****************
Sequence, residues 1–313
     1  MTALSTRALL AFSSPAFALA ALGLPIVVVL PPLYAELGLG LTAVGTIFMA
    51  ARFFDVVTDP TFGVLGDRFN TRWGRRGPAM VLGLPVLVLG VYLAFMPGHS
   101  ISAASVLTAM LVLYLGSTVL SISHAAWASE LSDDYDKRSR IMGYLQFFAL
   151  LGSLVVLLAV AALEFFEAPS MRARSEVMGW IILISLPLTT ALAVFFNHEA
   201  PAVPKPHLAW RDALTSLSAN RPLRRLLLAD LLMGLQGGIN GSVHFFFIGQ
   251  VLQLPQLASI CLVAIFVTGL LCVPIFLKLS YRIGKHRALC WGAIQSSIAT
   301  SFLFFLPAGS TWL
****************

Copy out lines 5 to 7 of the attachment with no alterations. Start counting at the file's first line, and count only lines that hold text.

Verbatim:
   151  LGSLVVLLAV AALEFFEAPS MRARSEVMGW IILISLPLTT ALAVFFNHEA
   201  PAVPKPHLAW RDALTSLSAN RPLRRLLLAD LLMGLQGGIN GSVHFFFIGQ
   251  VLQLPQLASI CLVAIFVTGL LCVPIFLKLS YRIGKHRALC WGAIQSSIAT